When discussing the Fed, leave the dinner party discussion of federal regulation, Adam Smith and Alexander Hamilton out of it. Instead focus on the Fed’s three basic charges: to maximize employment, to stabilize prices, and to moderate inflation. Each of those three things impacts aspects of your employees’ budgets.
Open the financial section of any newspaper (or your YouTube Feed) and it’s bound to mention something about the Federal Reserve (“the Fed”). Headlines might catch your eye on recent changes in Fed leadership or new actions they’ve taken. While everyone may seem like they are singing the same sad tune, there could be one key group left out of the chorus: your Employees. They may be asking how these changes impact them, and more specifically, their retirement investing. If they aren’t asking, they may want to start. Here are a few considerations for Plan Sponsors in how they might orchestrate a discussion on the Fed with employees.
It's not that fascinating, but it is important. A great newspaper editor once said that good writers make important information seem fascinating. There’s a wide amount of space between the two concepts. The Fed’s financial decisions impact everyday American’s financial decisions, especially when it comes to how they invest. The best way to answer questions about the Fed is to focus on those aspects of the Fed’s work that impact employees. If you stick to the basics, and not introduce the theory behind a lot of the discussions, employees may feel more empowered about investing. Empowerment in investing is one of the keys to ensuring employees enroll in retirement savings plans, like 401(k)s and 403(b)s. The goal of filtering out the fascinating, and increasing employee empowerment, is to keep those employees investing in their retirement.
Stick to the basics. How the Fed works, who leads it and how those individuals are appointed is a fascinating subject for analysts and financial scholars alike. An entire opera could be written about the drama and side actions involved with the Fed. And that’s the issue: much of the discussion about the Fed is fascinating but not necessarily important. Instead, when discussing the Fed, leave the dinner party discussion of federal regulation, Adam Smith and Alexander Hamilton out of it. Instead focus on the Fed’s three basic charges: to maximize employment, to stabilize prices, and to moderate inflation. Each of those three things impacts aspects of your employees’ budgets. By focusing on those basics, your employees can tune into the parts of the discussion on the Fed that impacts them and tune out the other parts that don’t, like setting price trajectory curves.
Include the Impact on Investing. Recent news articles discussing the Fed seem to play only one note: the discordant sad elephant trumpet of inflation. And while inflation has a massive potential impact on employees’ budgets, especially when it comes to finding income to put towards saving for retirement, that isn’t the only thing to hear. The Fed’s interest rate modulation to impact inflation influences two important rate setters: stock traders and mortgage lenders. Those two groups have the highest impact on your employee’s retirement investing. Employees need to know how stock traders base their trading decisions on prices for assets they are willing to buy based on the Fed’s actions (or predicted actions). Specifically, they need to know how that in turn impacts how much (or how little) employees may be able to gain in their investing. Similarly, employees need to understand how those who set rates on loans (mortgage lenders or auto lenders, for example) look to the Fed’s actions for how low (or high) they will set their rates. Those rates then impact the fixed costs employees must cover each month, and in turn, how much (or how little) they have to set aside for savings and investing.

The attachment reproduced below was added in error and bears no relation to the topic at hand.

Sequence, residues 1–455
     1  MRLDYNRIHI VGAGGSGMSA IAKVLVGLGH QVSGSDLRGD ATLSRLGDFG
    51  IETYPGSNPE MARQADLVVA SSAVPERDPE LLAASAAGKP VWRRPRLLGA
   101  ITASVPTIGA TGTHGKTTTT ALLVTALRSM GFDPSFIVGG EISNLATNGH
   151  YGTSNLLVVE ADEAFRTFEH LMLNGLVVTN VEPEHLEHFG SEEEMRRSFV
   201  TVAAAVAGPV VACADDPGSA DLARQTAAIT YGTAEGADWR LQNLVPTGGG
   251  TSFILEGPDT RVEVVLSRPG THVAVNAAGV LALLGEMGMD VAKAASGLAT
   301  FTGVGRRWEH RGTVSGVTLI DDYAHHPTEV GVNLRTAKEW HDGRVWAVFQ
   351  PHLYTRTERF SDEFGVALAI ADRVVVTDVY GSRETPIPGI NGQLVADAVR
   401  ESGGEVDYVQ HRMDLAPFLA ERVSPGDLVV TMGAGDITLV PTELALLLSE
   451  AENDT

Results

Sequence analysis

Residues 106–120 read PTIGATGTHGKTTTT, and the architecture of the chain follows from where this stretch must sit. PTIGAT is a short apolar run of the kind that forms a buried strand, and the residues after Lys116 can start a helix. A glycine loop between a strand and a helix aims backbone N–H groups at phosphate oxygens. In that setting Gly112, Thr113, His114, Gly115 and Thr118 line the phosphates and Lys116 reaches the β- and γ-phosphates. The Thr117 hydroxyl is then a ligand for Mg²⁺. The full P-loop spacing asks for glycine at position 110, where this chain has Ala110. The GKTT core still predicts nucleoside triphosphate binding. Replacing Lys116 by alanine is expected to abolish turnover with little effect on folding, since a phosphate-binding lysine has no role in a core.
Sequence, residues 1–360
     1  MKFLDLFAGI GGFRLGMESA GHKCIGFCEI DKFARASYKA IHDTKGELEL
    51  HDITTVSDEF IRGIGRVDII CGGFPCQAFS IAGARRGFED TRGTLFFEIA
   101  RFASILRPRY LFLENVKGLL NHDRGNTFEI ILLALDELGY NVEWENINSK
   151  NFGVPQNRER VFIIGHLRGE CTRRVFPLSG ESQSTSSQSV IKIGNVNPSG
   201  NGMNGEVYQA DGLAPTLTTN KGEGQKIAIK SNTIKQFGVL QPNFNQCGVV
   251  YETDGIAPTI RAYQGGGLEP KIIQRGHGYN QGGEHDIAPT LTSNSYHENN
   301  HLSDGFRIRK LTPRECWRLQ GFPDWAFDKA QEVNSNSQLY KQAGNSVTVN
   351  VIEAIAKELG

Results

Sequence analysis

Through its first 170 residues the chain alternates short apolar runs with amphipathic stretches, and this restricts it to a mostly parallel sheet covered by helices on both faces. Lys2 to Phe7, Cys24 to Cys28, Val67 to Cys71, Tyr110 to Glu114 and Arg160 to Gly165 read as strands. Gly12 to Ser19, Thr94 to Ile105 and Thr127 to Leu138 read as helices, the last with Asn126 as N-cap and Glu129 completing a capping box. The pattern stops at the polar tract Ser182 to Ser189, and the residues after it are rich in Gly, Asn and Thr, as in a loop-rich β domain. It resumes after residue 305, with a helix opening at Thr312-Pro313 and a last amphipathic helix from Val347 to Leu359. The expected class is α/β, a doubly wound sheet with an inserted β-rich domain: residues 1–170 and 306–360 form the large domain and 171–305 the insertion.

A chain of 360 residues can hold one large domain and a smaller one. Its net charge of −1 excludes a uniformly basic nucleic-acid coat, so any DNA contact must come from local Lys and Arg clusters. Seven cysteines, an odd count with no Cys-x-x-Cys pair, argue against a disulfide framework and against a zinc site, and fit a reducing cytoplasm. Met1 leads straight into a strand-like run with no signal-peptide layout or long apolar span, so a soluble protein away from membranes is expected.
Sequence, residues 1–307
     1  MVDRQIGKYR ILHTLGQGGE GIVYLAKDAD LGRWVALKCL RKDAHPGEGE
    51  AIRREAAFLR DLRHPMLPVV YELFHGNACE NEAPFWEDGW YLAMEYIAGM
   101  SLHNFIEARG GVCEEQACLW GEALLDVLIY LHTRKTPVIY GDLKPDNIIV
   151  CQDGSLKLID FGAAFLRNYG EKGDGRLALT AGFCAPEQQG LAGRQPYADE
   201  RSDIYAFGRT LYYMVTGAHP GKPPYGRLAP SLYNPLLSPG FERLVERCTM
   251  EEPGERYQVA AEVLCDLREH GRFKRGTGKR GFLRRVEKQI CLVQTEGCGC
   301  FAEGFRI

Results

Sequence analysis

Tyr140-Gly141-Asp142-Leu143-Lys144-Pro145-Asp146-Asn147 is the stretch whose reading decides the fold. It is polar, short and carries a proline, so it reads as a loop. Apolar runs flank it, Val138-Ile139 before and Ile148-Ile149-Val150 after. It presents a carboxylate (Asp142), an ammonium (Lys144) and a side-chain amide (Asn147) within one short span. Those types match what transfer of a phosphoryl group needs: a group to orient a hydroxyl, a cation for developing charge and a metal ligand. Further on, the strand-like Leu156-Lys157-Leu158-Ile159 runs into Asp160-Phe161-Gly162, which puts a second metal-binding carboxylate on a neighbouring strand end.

Leave Room for the Quiet Ones. Silence about the Fed, both before or importantly after, an education session on how the Fed works doesn’t necessarily mean that employees aren’t interested. Just as John Cages’ four minutes and thirty seconds of silence was less about the players and more about the environment. Plan Sponsors may want to leave room for lingering questions that take longer to formulate than a workshop or Zoom session may allow. Leaving room for silence may include making a list of resources, like articles, webinars and other self-paced education options, available online for your employees.
 We realize that this is a simplification of the Fed’s role, but the goal is to simplify for enhanced understanding for employees. https://www.cambridge-credit.org/federal-reserve.html
These articles are prepared for general purposes and are not intended to provide advice or encourage specific behavior. Before taking any action, Advisors and Plan Sponsors should consult with their compliance, finance and legal teams.
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